Thursday, February 25, 2016

Long-tailed Tit subspecies in the Iberian Peninsula

There are two Long-tailed Tit (Aegithalos caudatus) subspecies in the Iberian Peninsula: A.c.taiti and A.c.irbii. The first occurs in central, North and Western Spain and Southern France, while the latter ocurs in Central and Eastern Spain (including most of Portugal). Iberian subspecies distribution is not fully studied, at least as long as I have been able to find in the literature, and some hybridization areas may occur.

Pinkish colours are restricted to undertail coverts and belly,
with rather uniform grey on upperparts. Andalusia, South Spain,
December. A.c.irbii.
A.c.irbii to the left, A.c.taiti to the right.
Check how darker is irbii on cheeks, and how the black stripe
almost reaches bill base.
Apart from the local, sedentary subspecies, there's no information of any foreig retrap in Catalunya (source: www.sioc.cat), neither in the whole Spanish ringing scheme (source: www.anillamientoseo.org). There's only the recovery of a Long-tailed Tit ringed in Spain and recovered in France, but no detailed information. The most likely scenario is that it will be a bird ringed close to the French border and recovered on the other side (?). No other references of foreign birds/subspecies in Spain have been found; and actually, apart from the striking White-headed Long-tailed Tit subspecies (A.c.caudatus), subspecies identification can be very tricky outside of the known distribution range.

 On January I trapped a very striking Long-tailed Tit that attracted my attention since I saw it for first time. I have trapped quite a lot of local birds around Catalunya, and I had never seen any individual similar: very clean white underparts and cheeks and extensive white patch in crown and forehead. In the same net I was lucky enough to catch a local individual, retrap, that was very useful to compare.

The "whitish" bird above, the local individual below.
And that is what happened when I put them together...
  A.c.caudatus can be quickly ruled out on plumage features, but what about europaeus?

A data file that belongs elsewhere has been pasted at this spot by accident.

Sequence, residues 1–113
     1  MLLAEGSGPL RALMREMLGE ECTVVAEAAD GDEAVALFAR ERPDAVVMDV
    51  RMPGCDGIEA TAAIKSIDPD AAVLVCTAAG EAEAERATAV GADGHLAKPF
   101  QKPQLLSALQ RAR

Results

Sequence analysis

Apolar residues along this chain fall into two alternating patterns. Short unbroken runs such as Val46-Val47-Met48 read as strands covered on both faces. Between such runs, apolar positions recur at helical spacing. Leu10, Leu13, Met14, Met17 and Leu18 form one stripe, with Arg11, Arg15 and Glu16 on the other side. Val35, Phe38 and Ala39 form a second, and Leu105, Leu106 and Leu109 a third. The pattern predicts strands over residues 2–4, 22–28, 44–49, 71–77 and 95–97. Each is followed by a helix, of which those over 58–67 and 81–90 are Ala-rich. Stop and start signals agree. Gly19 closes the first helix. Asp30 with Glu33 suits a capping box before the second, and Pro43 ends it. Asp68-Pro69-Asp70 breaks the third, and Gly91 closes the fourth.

Checking pictures during the breeding season taken in the breeding range of europaeus, all individuals fit with the features shown by the bird I trapped: extensive white crown, wide white forehead, whitish ("clean") cheeks and underparts...

The presumed europaeus (left) had appearently a stronger bill
than a normal taiti; although I couldn't take proper measurements,
it's so small anyway!
A.c.europaeus, picture by Emil Lundahl taken in Falsterbo
peninsula, Sweden. Note the very clean white underparts,
as the extensive white on crown and forehead and clean cheeks.
A.c.europaeus, picture by Emil Lundahl taken in Falsterbo
peninsula, Sweden. Note the clean underparts and very clean,
'open-faced'.

Looking to local breeders in other places in Catalunya, especially breeding birds in the Pyrenees, there're no obvious differences with breeding individuals in other places.

Local individual trapped in central Catalonia, age EURING 6
(because it was a retrap from 2013). A.c.taiti.
Wear was for sure not the cause of the whitish plumage, as worn
birds turn to be greyer overall. Breeding individual in central
Catalonia, June. A.c.taiti.
Local breeder in Pyrenees, ringed in July and recaught in
winter. Plumage features fit will all other breeders I have
seen in Catalunya. A.c.taiti.
Despite all of this, only DNA analyses could confirm for sure the subspecies identification... but in the meanwhile, keep looking at the Long-tailed Tits!

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